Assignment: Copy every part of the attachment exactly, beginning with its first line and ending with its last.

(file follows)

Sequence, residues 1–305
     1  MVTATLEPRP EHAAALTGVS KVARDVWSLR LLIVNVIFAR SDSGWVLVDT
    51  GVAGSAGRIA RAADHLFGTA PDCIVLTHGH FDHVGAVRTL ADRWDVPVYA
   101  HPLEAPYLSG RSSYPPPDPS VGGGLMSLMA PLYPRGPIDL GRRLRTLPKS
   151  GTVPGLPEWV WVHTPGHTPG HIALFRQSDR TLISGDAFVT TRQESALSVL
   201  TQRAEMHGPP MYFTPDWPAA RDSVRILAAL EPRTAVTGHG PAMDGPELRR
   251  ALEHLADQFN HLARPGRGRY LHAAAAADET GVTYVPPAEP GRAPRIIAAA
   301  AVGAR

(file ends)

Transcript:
Sequence, residues 1–305
     1  MVTATLEPRP EHAAALTGVS KVARDVWSLR LLIVNVIFAR SDSGWVLVDT
    51  GVAGSAGRIA RAADHLFGTA PDCIVLTHGH FDHVGAVRTL ADRWDVPVYA
   101  HPLEAPYLSG RSSYPPPDPS VGGGLMSLMA PLYPRGPIDL GRRLRTLPKS
   151  GTVPGLPEWV WVHTPGHTPG HIALFRQSDR TLISGDAFVT TRQESALSVL
   201  TQRAEMHGPP MYFTPDWPAA RDSVRILAAL EPRTAVTGHG PAMDGPELRR
   251  ALEHLADQFN HLARPGRGRY LHAAAAADET GVTYVPPAEP GRAPRIIAAA
   301  AVGAR